U.S. House speaker Nancy Pelosi’s call for a second round of federal stimulus for anti-coronavirus water infrastructure in California is mostly unneeded. That is because most water and sewage treatment plants have installed ultraviolet disinfection treatment facilities in the last ten years.
Speaker Nancy Pelosi’s call for a second $75.9 billion round of federal anti-corona-virus stimulus (called the Moving Forward Framework) partly for anti-coronavirus water treatment facilities might give rise to a joke among most of California’s hundreds of water and wastewater treatment plant operators. In anticipation of something like the present Coronavirus outbreak, California installed ultraviolet (UV) light water treatment facilities that disinfect bacteria and virus from drinking water and wastewater across the state in the last ten years.
A joke might be that since Pelosi plans to hand out unneeded political pork to combat the coronavirus she must have contracted a case of political swine flu.
Public UV Systems Are Double the Cost of Private Systems
In 2014, the Los Angeles Department of Water and Power (LADWP) installed a UV water treatment system in its Sylmar Water Treatment Plant for serving about 1,347,580 households for $100 million. The DWP UV water treatment facility was built by internal DWP public employees at a cost overrun of $40 million. Financed by municipal bonds, which double the cost to pay interest on the bonds, the actual cost was around $200 million, reflecting an estimated cost of about $12 per household per month.
Any homeowner concerned about water-borne bacteria or virus can install an ultraviolet water disinfection system in the garage of their home for about $629 or $6 per month.
If Pelosi was serious about economic stimulus, she should just hand a check for $629 to every homeowner who had no public UV-treated drinking water. It would create jobs and could save taxpayers about another $629 in costs over a public-financed centralized community-wide UV water treatment system.
California-Wide Public UV Water Treatment Installations
California undertook to install UV water and wastewater treatment systems across the state from about 2011 to 2015. UV water treatment systems were installed in:
- Silicon Valley Advanced Water Purification Center, Santa Clara County, 2013
- Pankaj Parekh UV Disinfection Facility, LADWP Aqueduct Filtration Plant, 2014
- Tesla Water Treatment Facility, San Francisco, 2011
- East Bay Orinda Water Treatment Plant Disinfection Facilities, 2021 to 2025.
- City of San Diego Advanced Water Purification Facility, 2012
- Baker Water Treatment Plant, Orange County, 2016
- Leo J. Vander Lans Advanced Water Treatment Facility, City of Long Beach, 2014
- Bakersfield Water Treatment Plant Expansion, 2006
- Santa Clarita Valley, LA County Sanitation District, 2018
UV water and wastewater treatment is not required in California regulations although it has become an industry standard.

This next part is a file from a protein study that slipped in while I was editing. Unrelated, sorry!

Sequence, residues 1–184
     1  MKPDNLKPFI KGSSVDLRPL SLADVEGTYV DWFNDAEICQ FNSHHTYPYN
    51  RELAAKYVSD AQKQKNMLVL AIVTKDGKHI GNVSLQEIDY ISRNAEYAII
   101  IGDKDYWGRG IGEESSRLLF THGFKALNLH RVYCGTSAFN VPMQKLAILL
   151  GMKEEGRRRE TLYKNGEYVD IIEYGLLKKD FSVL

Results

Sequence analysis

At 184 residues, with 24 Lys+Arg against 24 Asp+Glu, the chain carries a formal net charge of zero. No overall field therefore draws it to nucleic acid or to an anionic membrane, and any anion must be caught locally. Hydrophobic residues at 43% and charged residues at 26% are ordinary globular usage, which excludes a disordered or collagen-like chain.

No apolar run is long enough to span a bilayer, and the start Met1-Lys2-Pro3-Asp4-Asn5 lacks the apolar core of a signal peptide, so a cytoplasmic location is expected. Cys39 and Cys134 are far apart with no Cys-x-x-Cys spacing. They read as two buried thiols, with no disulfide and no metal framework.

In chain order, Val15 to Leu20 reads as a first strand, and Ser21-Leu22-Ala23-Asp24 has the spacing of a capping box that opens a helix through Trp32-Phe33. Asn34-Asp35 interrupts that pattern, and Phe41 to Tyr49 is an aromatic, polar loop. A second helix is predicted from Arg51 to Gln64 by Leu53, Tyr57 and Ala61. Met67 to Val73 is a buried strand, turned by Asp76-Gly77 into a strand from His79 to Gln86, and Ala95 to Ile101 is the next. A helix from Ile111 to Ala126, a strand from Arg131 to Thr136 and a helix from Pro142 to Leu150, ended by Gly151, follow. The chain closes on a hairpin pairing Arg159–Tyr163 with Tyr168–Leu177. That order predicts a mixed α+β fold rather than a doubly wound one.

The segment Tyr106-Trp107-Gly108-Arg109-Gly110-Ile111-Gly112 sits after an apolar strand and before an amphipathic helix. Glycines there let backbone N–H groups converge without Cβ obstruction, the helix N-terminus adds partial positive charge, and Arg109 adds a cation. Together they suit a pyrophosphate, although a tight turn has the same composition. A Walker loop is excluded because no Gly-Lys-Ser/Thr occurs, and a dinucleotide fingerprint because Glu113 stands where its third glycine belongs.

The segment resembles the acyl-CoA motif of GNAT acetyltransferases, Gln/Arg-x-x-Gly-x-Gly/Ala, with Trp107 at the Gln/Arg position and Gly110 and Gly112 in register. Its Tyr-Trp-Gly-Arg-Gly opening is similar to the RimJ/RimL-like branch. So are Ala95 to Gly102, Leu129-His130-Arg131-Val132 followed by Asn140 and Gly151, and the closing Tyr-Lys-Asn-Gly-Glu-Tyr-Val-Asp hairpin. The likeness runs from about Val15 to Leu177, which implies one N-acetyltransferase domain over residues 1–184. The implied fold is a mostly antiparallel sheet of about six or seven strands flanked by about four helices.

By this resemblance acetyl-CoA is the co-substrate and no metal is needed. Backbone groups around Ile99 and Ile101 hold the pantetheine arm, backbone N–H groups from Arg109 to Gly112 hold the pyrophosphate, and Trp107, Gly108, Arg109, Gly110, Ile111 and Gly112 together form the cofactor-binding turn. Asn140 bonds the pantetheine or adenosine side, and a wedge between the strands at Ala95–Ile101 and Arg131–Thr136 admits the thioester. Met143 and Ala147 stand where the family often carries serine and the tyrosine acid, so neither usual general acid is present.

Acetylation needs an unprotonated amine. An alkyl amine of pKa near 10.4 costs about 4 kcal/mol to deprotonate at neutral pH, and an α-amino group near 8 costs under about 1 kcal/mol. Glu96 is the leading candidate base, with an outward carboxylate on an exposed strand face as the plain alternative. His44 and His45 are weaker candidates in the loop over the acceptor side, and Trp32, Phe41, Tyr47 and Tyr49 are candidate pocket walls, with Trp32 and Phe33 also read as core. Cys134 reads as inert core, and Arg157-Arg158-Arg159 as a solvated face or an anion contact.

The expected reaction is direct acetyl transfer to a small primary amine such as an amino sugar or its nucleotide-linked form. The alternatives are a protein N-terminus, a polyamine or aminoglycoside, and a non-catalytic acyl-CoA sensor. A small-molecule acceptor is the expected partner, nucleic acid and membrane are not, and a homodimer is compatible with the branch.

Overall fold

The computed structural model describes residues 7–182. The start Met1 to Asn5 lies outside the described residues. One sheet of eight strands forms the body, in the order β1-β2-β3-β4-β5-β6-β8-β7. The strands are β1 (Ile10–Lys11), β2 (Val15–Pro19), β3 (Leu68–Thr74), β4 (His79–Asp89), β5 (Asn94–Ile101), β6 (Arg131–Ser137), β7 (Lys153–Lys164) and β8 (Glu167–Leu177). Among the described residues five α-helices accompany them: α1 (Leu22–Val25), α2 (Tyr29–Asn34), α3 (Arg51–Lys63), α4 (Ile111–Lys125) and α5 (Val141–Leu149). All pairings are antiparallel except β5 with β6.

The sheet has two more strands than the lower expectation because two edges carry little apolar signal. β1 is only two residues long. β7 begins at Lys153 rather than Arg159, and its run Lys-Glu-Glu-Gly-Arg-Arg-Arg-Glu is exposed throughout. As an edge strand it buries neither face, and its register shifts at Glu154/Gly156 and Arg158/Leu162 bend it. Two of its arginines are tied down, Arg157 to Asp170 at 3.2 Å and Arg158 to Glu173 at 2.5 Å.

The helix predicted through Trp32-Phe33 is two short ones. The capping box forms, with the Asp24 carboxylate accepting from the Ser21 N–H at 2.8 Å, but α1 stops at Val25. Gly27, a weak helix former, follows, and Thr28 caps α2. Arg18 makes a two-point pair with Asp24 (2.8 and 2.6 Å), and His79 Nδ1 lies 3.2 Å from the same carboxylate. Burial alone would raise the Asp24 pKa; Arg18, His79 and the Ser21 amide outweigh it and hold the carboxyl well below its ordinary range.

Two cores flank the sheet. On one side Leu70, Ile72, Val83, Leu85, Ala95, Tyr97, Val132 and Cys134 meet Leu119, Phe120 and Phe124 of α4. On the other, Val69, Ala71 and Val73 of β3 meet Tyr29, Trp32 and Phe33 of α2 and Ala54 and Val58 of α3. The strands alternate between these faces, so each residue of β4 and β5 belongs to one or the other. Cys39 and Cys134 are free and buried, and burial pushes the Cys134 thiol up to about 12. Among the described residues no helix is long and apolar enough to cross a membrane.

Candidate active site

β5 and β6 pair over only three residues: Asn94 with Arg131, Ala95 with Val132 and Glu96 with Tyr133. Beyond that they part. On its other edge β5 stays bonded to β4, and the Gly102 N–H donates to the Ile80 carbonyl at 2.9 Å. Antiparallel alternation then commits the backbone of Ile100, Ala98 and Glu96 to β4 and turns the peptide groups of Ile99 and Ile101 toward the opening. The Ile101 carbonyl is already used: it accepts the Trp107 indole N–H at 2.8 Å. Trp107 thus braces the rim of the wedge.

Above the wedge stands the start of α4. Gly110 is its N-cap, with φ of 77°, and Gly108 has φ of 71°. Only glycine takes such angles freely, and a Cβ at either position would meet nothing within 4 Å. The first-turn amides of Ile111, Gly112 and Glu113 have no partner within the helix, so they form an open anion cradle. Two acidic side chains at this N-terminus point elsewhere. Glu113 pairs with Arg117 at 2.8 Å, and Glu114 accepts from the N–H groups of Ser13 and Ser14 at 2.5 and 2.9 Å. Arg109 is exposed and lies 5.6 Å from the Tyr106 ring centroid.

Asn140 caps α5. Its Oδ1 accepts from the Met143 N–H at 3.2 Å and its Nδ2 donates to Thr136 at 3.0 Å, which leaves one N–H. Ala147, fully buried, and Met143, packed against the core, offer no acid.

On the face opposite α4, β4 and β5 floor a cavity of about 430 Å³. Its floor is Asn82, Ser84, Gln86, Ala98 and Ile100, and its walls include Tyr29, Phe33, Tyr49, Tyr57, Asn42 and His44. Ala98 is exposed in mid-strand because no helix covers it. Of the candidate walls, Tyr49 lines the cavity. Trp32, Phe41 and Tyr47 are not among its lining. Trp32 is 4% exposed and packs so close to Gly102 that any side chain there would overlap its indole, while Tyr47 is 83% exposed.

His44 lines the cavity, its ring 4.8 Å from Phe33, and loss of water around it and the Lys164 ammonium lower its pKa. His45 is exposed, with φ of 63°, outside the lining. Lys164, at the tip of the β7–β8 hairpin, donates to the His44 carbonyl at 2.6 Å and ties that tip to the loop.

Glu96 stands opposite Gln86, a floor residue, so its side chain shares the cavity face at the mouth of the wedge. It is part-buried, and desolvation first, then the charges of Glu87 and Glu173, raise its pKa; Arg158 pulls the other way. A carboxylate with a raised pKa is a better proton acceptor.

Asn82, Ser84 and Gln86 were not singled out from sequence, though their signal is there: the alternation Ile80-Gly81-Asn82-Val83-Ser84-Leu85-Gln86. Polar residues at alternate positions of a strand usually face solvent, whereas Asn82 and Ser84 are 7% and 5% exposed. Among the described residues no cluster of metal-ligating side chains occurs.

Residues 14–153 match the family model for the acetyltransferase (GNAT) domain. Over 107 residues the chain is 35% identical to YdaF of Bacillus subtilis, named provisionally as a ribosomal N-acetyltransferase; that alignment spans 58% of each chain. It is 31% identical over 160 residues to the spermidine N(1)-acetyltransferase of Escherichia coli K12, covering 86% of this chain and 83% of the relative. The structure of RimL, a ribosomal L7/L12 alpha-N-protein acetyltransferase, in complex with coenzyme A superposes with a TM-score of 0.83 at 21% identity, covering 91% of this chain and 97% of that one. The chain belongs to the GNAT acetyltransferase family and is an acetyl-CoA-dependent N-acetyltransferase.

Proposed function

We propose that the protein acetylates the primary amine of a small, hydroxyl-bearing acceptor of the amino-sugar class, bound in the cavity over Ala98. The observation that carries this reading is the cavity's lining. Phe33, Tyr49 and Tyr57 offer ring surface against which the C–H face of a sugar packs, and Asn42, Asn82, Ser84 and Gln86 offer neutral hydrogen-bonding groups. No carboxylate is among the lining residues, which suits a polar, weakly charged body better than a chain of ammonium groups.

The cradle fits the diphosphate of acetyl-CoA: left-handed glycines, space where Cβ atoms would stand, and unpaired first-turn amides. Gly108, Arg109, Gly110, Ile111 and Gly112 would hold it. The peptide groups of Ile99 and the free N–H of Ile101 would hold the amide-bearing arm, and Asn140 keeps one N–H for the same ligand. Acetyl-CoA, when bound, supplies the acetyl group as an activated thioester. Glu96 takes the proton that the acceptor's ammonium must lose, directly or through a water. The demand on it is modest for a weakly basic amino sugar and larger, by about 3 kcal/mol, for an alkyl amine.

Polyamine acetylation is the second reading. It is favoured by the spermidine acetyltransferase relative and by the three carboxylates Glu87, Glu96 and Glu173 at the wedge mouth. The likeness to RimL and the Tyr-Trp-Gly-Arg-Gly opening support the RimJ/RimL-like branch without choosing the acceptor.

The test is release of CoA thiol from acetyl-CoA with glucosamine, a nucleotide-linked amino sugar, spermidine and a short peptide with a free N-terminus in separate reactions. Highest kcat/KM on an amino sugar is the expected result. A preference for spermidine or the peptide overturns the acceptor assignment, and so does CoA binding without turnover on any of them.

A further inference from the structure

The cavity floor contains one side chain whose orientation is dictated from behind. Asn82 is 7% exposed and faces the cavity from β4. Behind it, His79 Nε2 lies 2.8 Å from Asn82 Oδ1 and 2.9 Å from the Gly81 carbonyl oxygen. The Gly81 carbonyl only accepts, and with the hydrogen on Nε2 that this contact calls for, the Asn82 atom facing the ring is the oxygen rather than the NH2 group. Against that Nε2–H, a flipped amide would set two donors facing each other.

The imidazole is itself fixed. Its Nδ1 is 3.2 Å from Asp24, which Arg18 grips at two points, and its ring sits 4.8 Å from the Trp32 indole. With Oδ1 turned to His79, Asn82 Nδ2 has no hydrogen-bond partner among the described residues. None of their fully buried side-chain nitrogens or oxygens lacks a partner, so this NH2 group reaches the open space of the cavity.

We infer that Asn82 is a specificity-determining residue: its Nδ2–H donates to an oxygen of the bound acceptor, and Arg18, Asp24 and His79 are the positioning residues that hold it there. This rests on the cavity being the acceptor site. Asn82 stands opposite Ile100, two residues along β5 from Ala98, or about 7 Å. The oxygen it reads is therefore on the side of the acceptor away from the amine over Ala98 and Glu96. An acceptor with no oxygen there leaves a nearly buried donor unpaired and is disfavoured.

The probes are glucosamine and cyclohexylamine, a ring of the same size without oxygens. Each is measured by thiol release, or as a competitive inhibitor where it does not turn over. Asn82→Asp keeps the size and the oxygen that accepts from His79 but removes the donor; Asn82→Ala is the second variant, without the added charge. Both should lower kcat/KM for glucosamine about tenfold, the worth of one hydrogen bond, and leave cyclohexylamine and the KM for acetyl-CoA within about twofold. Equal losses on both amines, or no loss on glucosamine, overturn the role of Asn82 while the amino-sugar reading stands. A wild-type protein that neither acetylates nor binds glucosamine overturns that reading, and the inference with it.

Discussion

How does UV Water Treatment Work?
Ultraviolet light is somewhere between visible light and x-rays on the electromagnetic energy spectrum and is invisible radiation. UV rays work to disinfect water by striking bacteria, virus or cysts by inactivating DNA in a UV transparent tube for a specified period of time. The process adds nothing chemically to water, does not change the taste of water and does not disinfect molds, protozoa, Giardia and Cryptosporidium cysts except at extremely high doses of light. UV treatment does not work in cloudy (turbid) water. The process is 99.9 percent effective but is most effective in treating clear water that has already been treated to remove particles by distillation.
Additionally, human skin exposed to natural or artificial UV light makes vitamin D in the human body that activates the immune system to destroy bacteria and viruses, particularly involved with upper respiratory infections.
Is Coronavirus Waterborne?
According to the Center for Disease Control and Prevention (CDC), coronavirus has not been detected in drinking water, although a 2009 National Institute of Health (NIH) study hypothetically indicated that coronavirus could remain infectious for long periods of time (up to 22 days in cold weather) in water or sewage. However, a University of California Riverside study indicated that exposure of coronavirus to UV for 60 minutes “resulted in destruction of viral infectivity at an undetectable level.”
Virus can be found in human waste but risk of transmission is unknown. Risk of transmission of C-virus through sewer systems to humans is considered very low and there have been no such documented incidents. Monitoring of sewage for virus is being conducted in the Netherlands as an early warning system for outbreaks or re-outbreaks. But, once again, sewage is not left untreated or unexposed to sunlight in modernized water treatment.
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